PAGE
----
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Published on: 03/01/2012

First of all, the report presents us with the usual number crunching of access figures, most of which reconfirms some open doors, such as the regional differences in access and the difference in access between rural and urban areas. There are interesting graphs showing that access to drinking water is lowest in the poorest quintile of the population and highest among the best off. Not a big surprise, but still interesting graphs, reflecting the difficulty to target the poorest parts of the population.

Source: UNICEF/WHO, 2011

Where it becomes more interesting is when it starts comparing different service levels and technologies. For example, to me it was new to see that there is a higher risk of microbiological contamination in boreholes. The rapid increase in the use of boreholes as default technology in rural areas is thus seen as still containing a high risk from a water quality perspective. This could even be compounded by the fact that water usually needs to be carried from the borehole to the point of use, during which contamination risks increase even more. The report goes on adjusting coverage figures if unsafe but improved water sources are taken into account, leading to reductions in coverage of 7 to 16 percentage points in rural areas. The fact that the JMP starts including these figures in their reports, show the importance to look at the different parameters of the service level, rather than just the minimum requirements.

Source: UNICEF/WHO, 2011

The report also takes a useful look into household water treatment technologies, coming to the conclusions that those who would need such technologies most, actually use them less. HWT is most popular amongst those already having access to piped supplies and amongst the wealthiest income groups, and least in use among the poorest who have unimproved sources of supplies. Unfortunately, the report remains silent on why HWT is used least by those most in need. Probably, wealth is the main reason. If you have little money, it is not likely you will spend it on HWT, but rather first in getting some form of public supplies, even if it paying the fee to access a public borehole or so. In fact the report goes as far as saying that HWT is only a stopgap measure, that doesn’t take away the obligation of service providers, to provide people with an adequate public service.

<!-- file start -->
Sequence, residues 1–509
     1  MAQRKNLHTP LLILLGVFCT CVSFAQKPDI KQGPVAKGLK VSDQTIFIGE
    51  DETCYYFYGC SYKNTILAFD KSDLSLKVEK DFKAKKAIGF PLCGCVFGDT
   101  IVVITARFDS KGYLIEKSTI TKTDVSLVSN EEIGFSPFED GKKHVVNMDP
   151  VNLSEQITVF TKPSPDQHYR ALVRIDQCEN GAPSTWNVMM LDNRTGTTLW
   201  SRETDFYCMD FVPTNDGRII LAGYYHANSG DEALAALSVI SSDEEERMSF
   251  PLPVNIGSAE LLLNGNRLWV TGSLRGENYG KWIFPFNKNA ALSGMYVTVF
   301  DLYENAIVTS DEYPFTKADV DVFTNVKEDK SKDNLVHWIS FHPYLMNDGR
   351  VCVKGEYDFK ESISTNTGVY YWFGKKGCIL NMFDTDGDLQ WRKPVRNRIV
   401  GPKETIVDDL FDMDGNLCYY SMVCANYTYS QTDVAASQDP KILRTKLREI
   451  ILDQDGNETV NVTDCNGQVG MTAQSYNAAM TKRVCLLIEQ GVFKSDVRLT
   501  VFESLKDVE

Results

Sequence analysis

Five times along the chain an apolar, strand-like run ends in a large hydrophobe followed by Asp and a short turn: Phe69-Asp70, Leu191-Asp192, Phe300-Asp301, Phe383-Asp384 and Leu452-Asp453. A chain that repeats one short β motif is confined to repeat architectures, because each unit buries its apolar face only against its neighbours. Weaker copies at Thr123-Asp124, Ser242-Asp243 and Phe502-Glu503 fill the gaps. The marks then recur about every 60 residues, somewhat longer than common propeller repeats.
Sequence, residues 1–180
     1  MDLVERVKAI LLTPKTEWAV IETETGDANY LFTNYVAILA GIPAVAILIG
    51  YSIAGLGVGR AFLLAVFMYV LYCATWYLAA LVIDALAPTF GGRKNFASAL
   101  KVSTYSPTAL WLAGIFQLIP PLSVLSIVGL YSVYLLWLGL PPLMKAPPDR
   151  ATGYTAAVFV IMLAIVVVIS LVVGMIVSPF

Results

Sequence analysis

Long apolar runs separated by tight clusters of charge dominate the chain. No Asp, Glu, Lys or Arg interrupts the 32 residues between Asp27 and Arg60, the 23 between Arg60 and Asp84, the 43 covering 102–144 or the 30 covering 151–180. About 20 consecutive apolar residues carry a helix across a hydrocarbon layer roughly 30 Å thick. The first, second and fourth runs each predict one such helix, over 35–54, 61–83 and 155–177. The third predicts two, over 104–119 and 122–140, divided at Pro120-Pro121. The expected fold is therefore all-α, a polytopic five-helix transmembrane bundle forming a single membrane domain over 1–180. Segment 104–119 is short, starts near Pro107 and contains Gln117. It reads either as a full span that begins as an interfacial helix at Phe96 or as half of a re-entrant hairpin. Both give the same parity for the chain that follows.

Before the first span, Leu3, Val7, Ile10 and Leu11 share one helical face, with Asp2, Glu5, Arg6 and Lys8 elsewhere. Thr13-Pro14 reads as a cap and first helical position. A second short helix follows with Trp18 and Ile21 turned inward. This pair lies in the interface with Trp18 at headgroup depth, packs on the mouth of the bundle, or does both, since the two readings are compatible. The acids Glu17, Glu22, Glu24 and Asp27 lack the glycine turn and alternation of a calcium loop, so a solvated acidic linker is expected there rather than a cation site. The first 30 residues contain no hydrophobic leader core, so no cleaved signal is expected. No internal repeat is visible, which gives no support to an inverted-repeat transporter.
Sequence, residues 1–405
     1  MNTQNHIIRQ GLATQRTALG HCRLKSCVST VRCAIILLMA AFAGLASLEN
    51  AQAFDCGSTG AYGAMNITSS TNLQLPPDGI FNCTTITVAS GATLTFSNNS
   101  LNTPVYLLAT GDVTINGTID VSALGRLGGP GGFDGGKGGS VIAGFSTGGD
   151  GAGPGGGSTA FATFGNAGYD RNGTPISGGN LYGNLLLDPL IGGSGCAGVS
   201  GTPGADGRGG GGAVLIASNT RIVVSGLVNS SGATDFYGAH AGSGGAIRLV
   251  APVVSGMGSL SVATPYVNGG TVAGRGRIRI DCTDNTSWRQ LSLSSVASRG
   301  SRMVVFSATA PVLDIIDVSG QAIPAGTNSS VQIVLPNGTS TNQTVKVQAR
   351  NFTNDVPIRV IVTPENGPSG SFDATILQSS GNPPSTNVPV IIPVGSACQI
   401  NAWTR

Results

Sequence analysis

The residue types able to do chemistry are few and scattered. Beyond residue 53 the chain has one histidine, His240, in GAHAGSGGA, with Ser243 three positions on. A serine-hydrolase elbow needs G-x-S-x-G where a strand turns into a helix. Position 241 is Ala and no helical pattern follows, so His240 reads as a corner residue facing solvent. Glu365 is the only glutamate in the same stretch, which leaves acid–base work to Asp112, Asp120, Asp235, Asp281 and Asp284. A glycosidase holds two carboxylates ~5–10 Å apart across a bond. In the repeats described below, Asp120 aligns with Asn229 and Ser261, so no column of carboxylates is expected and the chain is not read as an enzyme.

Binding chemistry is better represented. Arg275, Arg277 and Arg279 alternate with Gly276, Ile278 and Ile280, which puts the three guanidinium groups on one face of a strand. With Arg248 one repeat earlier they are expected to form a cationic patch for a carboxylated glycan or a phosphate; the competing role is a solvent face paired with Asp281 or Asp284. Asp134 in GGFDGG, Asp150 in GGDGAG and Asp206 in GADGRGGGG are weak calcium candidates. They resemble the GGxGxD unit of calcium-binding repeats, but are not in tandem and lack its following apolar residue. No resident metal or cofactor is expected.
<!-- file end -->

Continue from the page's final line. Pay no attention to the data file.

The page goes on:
Where I found the report less interesting is in its analysis of sustainability. Don’t get me wrong; I think it is a great improvement that the JMP report now includes a section on sustainability, something largely lacking in previous reports. But there is substantial scope to improve this section. The main data presented are on non-functionality of handpumps in Africa, but there are no data on other types of technologies or from other continents. I know that such figures are difficult, if not impossible, to get. But, if such nice data can be obtained on water quality, surely at least some case examples studies could have been done to assess sustainability of rural water supplies, if only in a few countries. The analysis that follows on the reasons for low level of sustainability also remains quite limited and definitely doesn’t refer to the most recent literature on this topic, for example from the RWSN. The report itself also recognises this limitation expressing that no good proxy indicator exists to measure sustainability of supplies.

In fact it calls for the post-2015 JMP monitoring agenda to include sustainability more explicitly in the indicators to measure, alongside the measures of accessibility (physical), availability (quantity, reliability, continuity), quality, acceptability (culturally), affordability, reliability, non-discrimination/equity, participation and accountability. Nothing I would disagree with, as surely all these aspects of drinking water supply are important to assess in monitoring the state of the nations. However, with every factor that is added, also complexities increase, for example of defining indicators that are universally relevant. And surely, also the costs of monitoring will increase. The JMP will have a challenging task ahead of developing a relevant and insightful set of indicators that is still manageable and relatively easy to measure. I sincerely hope they have found that balance when 2015 ends and we venture into the new year.

Happy New Year

* Why do all JMP reports have to be so big in size? Surely, someone at JMP must realize that a 12 MB report is not so easily downloadable if one doesn’t have access to high-speed internet

UNICEF/WHO. 2011. Drinking Water Equity, Safety and Sustainability: Thematic report on drinking water


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